World’s Strangest

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Diorama World

What happens when the bison at the Museum of Natural History get dusty? Photographer Richard Barnes has traveled the U.S. photographing museum dioramas undergoing repair and maintenance, and his photos have been made into a book, Animal Logic, that was published last fall.

Do his photos, which emphasize the distinction between nature and artifice, increase or diminish your appreciation for museum dioramas, many of which were constructed in the 1920s and ’30s? In a recent issue of The Smart Set, Jesse Smith notes this detached perspective towards dioramas isn’t new– The American Museum of Natural History In New York has a section of its website devoted to their “renowned” and “beloved” dioramas, and the Museum’s chairman describes them as “amazing technical feats of illusion.” But once you admit they’re illusions, Smith argues, the dioramas are no longer viable as scientific learning tools. And perhaps we lose something as a result.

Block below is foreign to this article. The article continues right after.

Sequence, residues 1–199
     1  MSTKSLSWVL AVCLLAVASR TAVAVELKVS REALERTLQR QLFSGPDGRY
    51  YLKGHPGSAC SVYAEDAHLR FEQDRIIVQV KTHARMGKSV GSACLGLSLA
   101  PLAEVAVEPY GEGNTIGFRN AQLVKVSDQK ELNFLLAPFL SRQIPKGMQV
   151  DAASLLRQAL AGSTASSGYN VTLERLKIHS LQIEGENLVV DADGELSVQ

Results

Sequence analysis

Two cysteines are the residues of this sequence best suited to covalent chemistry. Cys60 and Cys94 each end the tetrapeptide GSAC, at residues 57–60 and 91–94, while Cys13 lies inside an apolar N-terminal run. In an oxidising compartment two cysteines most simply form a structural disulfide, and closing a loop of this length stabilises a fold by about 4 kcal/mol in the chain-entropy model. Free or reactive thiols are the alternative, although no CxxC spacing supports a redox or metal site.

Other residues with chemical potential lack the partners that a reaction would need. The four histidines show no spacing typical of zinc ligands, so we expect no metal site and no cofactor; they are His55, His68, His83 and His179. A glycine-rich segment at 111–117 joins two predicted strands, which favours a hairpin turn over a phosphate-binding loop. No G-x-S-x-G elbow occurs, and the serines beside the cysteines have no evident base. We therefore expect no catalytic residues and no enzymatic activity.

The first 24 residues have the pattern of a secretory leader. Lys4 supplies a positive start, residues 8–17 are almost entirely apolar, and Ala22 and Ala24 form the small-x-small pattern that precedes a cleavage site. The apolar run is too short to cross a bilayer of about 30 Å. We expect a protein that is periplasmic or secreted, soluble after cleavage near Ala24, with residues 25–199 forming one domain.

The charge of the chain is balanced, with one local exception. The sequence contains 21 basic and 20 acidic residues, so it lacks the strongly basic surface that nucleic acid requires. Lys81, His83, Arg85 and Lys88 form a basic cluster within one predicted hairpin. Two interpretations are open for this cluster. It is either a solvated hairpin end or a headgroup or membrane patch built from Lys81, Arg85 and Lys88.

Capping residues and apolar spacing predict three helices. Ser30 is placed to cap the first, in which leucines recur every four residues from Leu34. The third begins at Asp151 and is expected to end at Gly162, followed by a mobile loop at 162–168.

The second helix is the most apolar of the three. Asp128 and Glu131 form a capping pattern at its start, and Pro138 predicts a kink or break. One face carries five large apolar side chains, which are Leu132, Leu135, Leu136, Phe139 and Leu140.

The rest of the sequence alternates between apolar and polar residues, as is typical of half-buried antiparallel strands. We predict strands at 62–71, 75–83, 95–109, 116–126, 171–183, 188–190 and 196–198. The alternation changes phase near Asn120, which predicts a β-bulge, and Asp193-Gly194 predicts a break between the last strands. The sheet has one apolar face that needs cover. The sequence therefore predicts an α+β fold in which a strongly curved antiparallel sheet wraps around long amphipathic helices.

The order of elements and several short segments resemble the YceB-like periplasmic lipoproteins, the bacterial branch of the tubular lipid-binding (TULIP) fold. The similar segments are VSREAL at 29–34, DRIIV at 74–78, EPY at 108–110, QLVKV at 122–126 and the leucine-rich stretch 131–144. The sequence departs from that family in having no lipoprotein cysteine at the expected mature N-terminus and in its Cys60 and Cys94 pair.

Smith admits that he prefers the approach of Philadelphia’s Academy of Natural Sciences. “It’s not willing to throw in the towel, as the American Museum of Natural History has done. On its site, the Academy budges very little: ‘Although their magic has diminished somewhat with the advent of television and the internet, dioramas still provide an opportunity to experience these magnificent animals up close.’ I don’t know if the Academy really believes this, or it just wants me to. It honestly doesn’t matter. I prefer to be the one stepping back to judge these on their own terms, and the Academy lets me do that.”

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(image credit: Richard Barnes)


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